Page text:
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Russian opposition journalist Andrey Nekrasov has sought political asylum in Lithuania.
On Wednesday August 11, 2015, Nekrasov arrived in Vilnius after having been detained in Cyprus last month.
"Today I have asked for political asylum and I hope for a completely impartial examination of my application by the Government of Lithuania and the migration service, as Russia is persecuting me for political reasons," he told journalists at Vilnius Airport on arrival. “I’m really in danger if I go back to Russia."
When detained by Cypriot police under an Interpol order, Nekrasov requested political asylum in Cyprus.
Cyprus rejected the request to extradite Nekrasov to Moscow and decided to send him back to Lithuania, which had issued him a national visa.
The decision was based on EU law, which stipulates asylum applications should be processed by the European Union member state the person entered first.
A spokeswoman for Lithuanian police confirmed to BNS that Nekrasov is officially wanted via the Interpol system, noting, however, that the search procedures are halted once an asylum application is examined.
Having arrived from Cyprus via the Latvian capital, Riga, Nekrasov spent more than four hours at Vilnius Airport in the hands of Lithuanian border patrols.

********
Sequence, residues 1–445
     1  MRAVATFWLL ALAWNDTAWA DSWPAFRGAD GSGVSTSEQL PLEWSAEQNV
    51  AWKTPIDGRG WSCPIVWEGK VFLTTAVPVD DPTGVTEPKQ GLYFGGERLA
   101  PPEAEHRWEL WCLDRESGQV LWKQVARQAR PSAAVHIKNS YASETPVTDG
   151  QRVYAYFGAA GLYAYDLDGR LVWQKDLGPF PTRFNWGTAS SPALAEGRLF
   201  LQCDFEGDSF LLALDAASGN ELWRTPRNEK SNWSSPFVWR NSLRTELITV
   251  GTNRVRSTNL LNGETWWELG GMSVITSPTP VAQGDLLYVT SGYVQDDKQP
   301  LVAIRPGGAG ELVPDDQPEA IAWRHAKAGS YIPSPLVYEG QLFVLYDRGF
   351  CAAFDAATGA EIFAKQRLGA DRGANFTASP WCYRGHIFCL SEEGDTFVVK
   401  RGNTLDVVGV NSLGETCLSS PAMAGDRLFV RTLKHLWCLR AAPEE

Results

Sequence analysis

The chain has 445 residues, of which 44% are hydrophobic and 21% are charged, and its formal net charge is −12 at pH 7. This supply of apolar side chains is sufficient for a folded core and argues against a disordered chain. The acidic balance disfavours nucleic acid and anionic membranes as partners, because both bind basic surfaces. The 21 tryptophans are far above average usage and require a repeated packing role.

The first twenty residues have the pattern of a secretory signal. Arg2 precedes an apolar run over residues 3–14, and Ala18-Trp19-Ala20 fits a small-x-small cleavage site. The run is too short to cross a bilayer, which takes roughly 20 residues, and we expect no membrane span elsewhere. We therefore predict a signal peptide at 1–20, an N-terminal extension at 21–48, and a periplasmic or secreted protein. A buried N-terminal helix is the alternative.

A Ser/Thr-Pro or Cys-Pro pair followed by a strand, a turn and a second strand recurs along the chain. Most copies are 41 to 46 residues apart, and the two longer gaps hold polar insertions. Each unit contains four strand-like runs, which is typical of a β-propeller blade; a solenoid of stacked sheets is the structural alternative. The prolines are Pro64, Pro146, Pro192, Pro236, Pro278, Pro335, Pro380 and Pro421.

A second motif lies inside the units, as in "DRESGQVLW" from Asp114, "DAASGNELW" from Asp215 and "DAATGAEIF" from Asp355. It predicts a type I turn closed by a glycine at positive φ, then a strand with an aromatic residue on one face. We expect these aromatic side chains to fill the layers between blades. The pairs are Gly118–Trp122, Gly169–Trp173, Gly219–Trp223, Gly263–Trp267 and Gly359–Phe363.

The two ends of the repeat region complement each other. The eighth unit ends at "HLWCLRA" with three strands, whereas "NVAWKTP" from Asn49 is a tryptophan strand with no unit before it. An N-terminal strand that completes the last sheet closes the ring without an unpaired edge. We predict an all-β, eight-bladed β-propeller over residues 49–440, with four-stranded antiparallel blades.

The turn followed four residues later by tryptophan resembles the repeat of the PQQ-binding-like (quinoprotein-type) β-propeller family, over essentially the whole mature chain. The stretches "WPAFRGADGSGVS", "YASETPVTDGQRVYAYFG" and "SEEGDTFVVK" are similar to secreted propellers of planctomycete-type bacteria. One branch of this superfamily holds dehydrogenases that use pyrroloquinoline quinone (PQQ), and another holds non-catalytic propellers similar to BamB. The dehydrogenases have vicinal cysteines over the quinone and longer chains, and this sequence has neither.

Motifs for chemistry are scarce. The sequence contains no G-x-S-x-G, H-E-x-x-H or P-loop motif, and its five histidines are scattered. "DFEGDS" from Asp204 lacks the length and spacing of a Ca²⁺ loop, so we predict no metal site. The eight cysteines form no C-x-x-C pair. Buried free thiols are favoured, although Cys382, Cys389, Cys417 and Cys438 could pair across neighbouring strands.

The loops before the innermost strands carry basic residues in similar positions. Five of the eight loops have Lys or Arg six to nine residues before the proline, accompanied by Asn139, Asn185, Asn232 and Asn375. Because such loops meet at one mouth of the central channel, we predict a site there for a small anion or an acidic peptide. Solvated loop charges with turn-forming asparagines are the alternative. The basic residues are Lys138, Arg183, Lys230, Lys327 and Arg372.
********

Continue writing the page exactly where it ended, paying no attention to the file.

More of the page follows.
“I haven't slept for 24 hours and I'm very nervous,” he said. “It's a completely new stage in my life.
"After spending a month in detention in Cyprus, after an eight-day hunger strike, I cannot believe that I'm here. I think it's a miracle.”
Nekrasov said the Russian state has charged him with extortion charges, after the director of Kalashnikov Concern, and now head of the Federal Agency for the Development of State Border Infrastructure, Konstantin Busygin, filed a complaint against him.
The complaint was lodged after Nekrasov and the local trade union wanted minimum pay to be raised.
”It's revenge for trade union activity in 2013," Nekrasov continued, and he claimed the former trade union leader is also asking for political asylum in the UK.
International NGO Reporters Without Border believes Nekrasov is being persecuted for his articles about corruption in the Russian Republic of Udmurtia.
"We believe that he is persecuted by Russian authorities over political motives," Johann Bihr from Reporters Without Border told BNS.
According to Bihr, the head of a local factory accused Nekrasov of blackmail when he published his article about employee protests. He added Nekrasov, however, was a witness to the protests.
The Federal Security Service detained the journalist and tried to make him confess to blackmail.
Nekrasov is facing up to 15 years in prison in Russia.
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